Educating physicians, nurses, technicians, and all surgical staff is vitally important. In 2013, the ASA published a practice advisory for health care providers in an effort to prevent surgical fires: 9

  1. Conduct a fire risk assessment at the start of every surgery. “A Fire Risk Assessment Tool” should be implemented before each surgery, in the “time out” or safety checklist. Assessment should be made to determine the presence of major risk factors such as: 1) Use of an open oxygen source; 2) The presence of an ignition source; 3) A procedure at or above the level of the xiphoid process; 4) Use of a flammable surgical prep solution.
  2. Encourage communication among surgical staff.
  3. Ensure the safe use and administration of oxidizers. Titrate the minimum concentration of oxygen necessary to meet the needs of the patient.
  4. Safely use any devices that may serve as an ignition source. Support personnel should be aware of the use and maintenance of any instrument that may ignite a fuel source.
  5. Safely use surgical suite items that may serve as a fuel source.
  6. Practice ways to manage surgical fires. The ASA practice advisory has offered several steps for managing a surgical fire: 1) Eliminate the primary ignition source. 2) Extinguish the fire and remove all sources of fuel. 3) Discontinue the patient from the breathing circuit for airway fires and remove the tracheal tube. Move the patient to safety and re-establish the airway. 4) Review the fire scene and remove any potential sources of flammable materials.3

If a fire should occur, it is important that every member of the OR team knows the location and use of a fire extinguisher. The ECRI and the ASA practice advisory recommend the carbon dioxide (CO2) extinguisher as the most appropriate for use in the OR.

Preventive measures to avoid fires in operating rooms have a place in our daily preparation. Knowledge of the risks should encourage yearly programs to prepare personnel, minimize patient injury as well as limit damage to the operating room. The APSF’s surgical fire video is frequently viewed and downloaded, and the content remains useful and accurate.10 The availability of treatment algorithms (Figure 1) for reference in each operating room and the performance of a fire risk assessment for each patient in the “time-out” certainly makes good clinical sense.

What is next regarding surgical fire prevention? The best answer is culture change. Integration of fire risk assessments and preventative actions in surgical safety checklists can mitigate this catastrophic and preventable event. We can also integrate surgical fire prevention into education simulation centers throughout the world. Engaging surgeons who perform high fire risk cases in prevention and education activities will ensure they are aware of the risks and can take mitigation steps when possible. We can also promote educational programs such as the “FUSE program” by SAGES (Fundamental Use of Surgical Energy by the Society of American Gastrointestinal and Endoscopic Surgeons) which is an excellent educational tool for surgeons and anesthesia professionals, as well as anyone working in the OR. As a specialty, we must remain engaged with professional organizations, standards groups, accreditors, and certification boards to ensure the topic of surgical fire prevention remains prominently positioned with emphasis on increasing knowledge and practice.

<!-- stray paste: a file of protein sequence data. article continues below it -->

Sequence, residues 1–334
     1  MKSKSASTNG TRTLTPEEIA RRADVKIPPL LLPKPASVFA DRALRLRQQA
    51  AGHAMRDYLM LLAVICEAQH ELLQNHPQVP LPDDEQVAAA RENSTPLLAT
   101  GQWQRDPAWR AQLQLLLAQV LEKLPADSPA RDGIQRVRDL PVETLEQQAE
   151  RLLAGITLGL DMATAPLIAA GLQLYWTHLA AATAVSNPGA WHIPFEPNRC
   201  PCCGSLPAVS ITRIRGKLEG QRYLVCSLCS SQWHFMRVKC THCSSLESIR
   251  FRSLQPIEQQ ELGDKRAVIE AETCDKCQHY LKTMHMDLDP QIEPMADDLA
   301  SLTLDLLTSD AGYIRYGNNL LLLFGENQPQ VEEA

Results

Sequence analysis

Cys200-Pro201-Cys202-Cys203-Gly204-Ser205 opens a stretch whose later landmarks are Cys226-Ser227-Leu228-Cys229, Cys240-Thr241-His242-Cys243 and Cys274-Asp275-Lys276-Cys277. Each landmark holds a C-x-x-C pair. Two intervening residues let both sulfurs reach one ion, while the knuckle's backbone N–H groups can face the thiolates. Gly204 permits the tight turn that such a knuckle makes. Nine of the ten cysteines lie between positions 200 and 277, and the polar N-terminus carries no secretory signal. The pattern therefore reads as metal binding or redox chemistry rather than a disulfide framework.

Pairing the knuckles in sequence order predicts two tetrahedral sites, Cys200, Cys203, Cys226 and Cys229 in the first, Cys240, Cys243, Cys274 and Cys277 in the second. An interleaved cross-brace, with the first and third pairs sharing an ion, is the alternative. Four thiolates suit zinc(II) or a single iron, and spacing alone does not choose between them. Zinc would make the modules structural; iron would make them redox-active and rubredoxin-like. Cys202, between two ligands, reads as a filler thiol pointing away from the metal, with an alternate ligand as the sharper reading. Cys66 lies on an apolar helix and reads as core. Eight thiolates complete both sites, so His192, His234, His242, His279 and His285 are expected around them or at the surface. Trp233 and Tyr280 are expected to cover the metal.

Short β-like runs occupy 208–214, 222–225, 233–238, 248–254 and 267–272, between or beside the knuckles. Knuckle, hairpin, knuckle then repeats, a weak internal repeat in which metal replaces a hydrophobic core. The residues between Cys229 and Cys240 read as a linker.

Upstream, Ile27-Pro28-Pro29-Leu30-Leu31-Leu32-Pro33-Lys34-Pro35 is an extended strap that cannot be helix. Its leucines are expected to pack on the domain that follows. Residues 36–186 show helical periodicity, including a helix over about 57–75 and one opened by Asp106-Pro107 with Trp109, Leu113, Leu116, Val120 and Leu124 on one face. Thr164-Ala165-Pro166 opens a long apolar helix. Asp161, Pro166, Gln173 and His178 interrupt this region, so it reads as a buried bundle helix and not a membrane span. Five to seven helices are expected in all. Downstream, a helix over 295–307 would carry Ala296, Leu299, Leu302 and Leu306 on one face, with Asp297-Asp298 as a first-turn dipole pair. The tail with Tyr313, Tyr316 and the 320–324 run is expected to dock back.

Anesthesia professionals are trained to be vigilant. Our patients trust us with their well being. Continual education and the knowledge of the risks as well as management in the event of an operating room fire continue to deserve our time and study. We emphasize that fire prevention requires zero additional cost and approaches 100% effectiveness. Therefore, we strongly believe that surgical fire prevention is a primary way in which to exemplify the APSF’s vision that “No one shall be harmed by anesthesia care.”


Charles E. Cowles, Jr., MD, MBA, FASA, is associate professor and chief safety officer at the University of Texas MD Anderson Cancer Center.

Chester Lake MD, MS, is assistant professor of anesthesiology at the University of Mississippi Medical Center.

Jan Ehrenwerth, MD is professor emeritus at Yale University School of Medicine.

The authors have no conflicts of interest.


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  9. Apfelbaum JL, Caplan RA, Barker SJ, et al. Practice advisory for the prevention and management of operating room fires: an updated report by the American Society of Anesthesiologists Task Force on Operating Room Fires. Anesthesiology. 2013;118:271–290.
  10. Anesthesia Patient Safety Foundation: Prevention and Management of Operating Room Fires (Video).; 2010. Accessed June 30, 2020.